A lifestyle brand markets to the values and interests of a culture rather than just products. This way, it’s easier to make an emotional connection with customers, and consumers are more likely to buy a product if they believe in its mission. For example, a lifestyle brand may market to a culture’s creativity, individuality, and sex. It also provides its consumers with a platform to express their own personality and style.
A successful lifestyle brand chooses a niche and works consistently to appeal to that person. By doing so, it can build a stronger bond with fewer customers, while also charging more for the lifestyle they promote. For example, an athlete might be a good candidate for a lifestyle brand, as are those who are into adventure sports, trend-spotting, or luxury. These niches are typically more profitable than traditional fashion brands.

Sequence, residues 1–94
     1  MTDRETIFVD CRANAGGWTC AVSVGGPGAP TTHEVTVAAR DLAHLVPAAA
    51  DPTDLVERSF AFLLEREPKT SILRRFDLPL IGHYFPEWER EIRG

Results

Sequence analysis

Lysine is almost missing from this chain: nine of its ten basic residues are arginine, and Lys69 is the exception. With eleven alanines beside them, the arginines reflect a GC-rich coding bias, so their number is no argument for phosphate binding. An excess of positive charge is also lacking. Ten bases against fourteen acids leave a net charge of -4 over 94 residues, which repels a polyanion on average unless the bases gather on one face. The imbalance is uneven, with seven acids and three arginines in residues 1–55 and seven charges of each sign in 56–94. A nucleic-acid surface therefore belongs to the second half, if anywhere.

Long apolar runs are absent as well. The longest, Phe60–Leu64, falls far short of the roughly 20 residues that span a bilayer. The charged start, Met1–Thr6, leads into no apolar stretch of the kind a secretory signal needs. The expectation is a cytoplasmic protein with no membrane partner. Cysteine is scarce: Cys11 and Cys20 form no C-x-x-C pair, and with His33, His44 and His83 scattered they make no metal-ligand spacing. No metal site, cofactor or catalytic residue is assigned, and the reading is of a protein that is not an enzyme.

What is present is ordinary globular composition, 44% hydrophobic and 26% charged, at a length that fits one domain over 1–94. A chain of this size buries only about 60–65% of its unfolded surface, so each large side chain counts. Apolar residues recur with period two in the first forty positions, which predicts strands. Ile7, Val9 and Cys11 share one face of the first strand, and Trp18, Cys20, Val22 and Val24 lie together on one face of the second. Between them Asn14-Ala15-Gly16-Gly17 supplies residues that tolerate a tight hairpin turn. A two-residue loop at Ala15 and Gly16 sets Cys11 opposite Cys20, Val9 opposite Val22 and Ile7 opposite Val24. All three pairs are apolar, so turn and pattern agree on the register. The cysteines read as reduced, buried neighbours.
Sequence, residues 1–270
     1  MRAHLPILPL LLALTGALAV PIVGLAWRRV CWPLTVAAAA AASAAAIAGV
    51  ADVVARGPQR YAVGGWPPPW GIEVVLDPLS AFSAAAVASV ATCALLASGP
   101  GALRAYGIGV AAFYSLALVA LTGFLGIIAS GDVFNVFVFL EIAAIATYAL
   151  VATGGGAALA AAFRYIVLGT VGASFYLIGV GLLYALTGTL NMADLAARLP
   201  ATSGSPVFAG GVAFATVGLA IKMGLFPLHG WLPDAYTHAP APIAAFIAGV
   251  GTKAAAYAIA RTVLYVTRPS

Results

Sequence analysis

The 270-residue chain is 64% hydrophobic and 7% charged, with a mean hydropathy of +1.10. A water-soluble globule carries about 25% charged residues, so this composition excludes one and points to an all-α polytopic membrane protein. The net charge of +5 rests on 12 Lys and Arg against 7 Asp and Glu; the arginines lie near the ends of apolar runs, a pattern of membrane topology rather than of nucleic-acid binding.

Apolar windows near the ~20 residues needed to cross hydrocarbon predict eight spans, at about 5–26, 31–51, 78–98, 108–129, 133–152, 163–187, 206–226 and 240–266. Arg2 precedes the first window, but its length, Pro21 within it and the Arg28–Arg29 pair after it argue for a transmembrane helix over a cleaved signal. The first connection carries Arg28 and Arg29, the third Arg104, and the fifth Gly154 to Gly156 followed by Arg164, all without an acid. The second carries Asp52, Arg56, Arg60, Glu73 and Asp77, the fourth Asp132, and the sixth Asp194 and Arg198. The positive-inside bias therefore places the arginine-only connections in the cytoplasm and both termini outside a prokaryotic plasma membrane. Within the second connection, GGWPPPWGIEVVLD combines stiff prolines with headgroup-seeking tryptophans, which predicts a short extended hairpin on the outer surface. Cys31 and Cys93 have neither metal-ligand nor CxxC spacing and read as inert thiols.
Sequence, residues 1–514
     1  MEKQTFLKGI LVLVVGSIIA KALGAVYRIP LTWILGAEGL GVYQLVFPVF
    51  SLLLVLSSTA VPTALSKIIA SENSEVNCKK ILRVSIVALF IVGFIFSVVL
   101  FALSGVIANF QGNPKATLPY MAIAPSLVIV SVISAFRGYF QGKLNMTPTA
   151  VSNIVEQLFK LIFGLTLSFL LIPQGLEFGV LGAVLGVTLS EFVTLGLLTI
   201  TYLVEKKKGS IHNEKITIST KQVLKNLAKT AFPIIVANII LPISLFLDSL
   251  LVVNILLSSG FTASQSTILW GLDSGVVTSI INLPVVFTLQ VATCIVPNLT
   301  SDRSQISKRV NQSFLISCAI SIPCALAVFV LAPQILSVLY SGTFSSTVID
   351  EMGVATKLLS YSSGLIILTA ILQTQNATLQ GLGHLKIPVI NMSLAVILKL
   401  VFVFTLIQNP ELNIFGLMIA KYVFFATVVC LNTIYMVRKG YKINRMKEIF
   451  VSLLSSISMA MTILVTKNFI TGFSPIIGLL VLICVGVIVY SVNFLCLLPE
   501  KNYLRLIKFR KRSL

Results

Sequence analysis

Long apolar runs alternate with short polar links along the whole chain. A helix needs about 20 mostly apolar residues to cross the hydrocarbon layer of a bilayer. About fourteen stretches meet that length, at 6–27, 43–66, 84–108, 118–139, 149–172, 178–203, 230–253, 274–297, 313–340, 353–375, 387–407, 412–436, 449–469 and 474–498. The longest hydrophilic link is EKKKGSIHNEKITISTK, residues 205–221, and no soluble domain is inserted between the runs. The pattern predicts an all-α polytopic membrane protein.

While the products of a lifestyle brand may be sold in more than one category, consumers often purchase them in several categories. In addition to socks, shoes, shirts, and pants, consumers may buy products under a lifestyle brand. A lifestyle brand’s owner may have the knowledge and expertise to design t-shirts and hoodies, but no experience in the management of denim jeans. A lifestyle brand will need to be flexible to adapt to changing market trends and stay true to its core values.
The key to creating a successful lifestyle brand is knowing your customer and their preferences. A true lifestyle brand is one that knows their audience well and tailors its products and service to meet their needs. However, even if it’s one of the best-selling brands on the market, it may still have a mountain to climb before reaching success. So, how does one go about creating a lifestyle brand? Here are some of the best ways to distinguish one brand from another.